Christian Tsetsos works as an insurance authorization coordinator for the head office of LEARN’s Behavioral Concepts (BCI) in Worcester, Massachusetts, while serving, on the side, as a neurodiversity advocate and Asperger’s/autism speaker. He joined us recently to share stories from his professional and personal life with autism, delving into everything from his life growing up and struggling to make friends to his experience using dating apps and revealing autism to suitors. Here, we offer a recap of the conversation.
Q: You’ve worked for BCI now for 14 years. Tell us about your job there? What aspects of your work do you enjoy?
A: I started working part-time for BCI my last year of high school and continued as an administrative assistant at the main office, while attending college at Worcester State University. I majored in urban studies and realized I liked the human and social services side of the field. Urban studies is an interdisciplinary major that weaves in government, city systems, sociology, and even art, engineering, and psychology. So, my job at BCI involves interacting with and helping people get the services they need.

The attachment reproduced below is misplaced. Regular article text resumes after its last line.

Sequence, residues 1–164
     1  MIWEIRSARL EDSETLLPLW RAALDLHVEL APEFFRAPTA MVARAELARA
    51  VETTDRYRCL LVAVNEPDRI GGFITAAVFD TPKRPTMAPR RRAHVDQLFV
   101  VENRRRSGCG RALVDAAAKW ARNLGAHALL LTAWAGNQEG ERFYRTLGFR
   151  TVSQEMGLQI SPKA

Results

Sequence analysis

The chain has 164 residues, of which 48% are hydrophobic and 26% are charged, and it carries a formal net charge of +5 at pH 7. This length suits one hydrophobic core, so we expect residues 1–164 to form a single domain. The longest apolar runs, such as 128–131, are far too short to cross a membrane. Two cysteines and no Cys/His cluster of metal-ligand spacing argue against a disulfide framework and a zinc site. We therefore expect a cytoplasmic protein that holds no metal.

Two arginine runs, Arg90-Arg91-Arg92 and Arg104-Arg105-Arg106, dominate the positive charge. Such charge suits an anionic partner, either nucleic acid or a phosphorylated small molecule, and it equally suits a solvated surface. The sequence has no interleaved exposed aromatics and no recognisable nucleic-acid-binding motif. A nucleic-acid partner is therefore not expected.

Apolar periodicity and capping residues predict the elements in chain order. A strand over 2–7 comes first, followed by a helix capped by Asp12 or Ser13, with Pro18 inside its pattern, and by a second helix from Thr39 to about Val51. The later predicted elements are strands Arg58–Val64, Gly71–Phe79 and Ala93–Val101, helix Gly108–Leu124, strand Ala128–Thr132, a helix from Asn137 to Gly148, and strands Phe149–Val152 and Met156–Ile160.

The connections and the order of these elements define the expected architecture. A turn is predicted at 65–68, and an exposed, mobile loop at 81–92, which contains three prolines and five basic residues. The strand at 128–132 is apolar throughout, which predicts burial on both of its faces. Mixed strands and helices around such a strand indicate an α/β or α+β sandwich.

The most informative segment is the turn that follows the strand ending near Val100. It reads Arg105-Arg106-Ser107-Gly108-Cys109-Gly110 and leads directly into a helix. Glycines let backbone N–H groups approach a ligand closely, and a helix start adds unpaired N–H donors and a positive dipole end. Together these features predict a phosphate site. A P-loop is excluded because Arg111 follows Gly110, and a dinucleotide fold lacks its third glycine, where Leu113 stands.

I liked my work at BCI and the safe space it gave me to develop my social and professional skills, so I stayed on to take a full-time position in 2014, after graduating from college. This was around the time that insurance policies started covering more ABA services. The company was expanding and transitioning from only providing services through school contracts to offering services in client’s homes and in clinics. To this day, I work in BCI’s first clinic.
Over the years, I’ve worked in a number of jobs at BCI—answering phone calls as a receptionist at the front desk, screening candidates for behavior techs as a human resources assistant, supporting recruiting and talking to prospective applicants at career fairs, and coordinating the intake and insurance authorization processes. I like what I do now, in the insurance side of the business, because I’m detail-oriented. Authorizations involve a ton of rules and policies and limits. Remembering and tracking endless details isn’t for everyone, but it’s something I’m good at and enjoy.
What I like most about my role, though, is the human interaction—for instance, I like helping behavior analysts when they don’t remember a particular insurance code. I like feeling needed and being part of a collaborative team.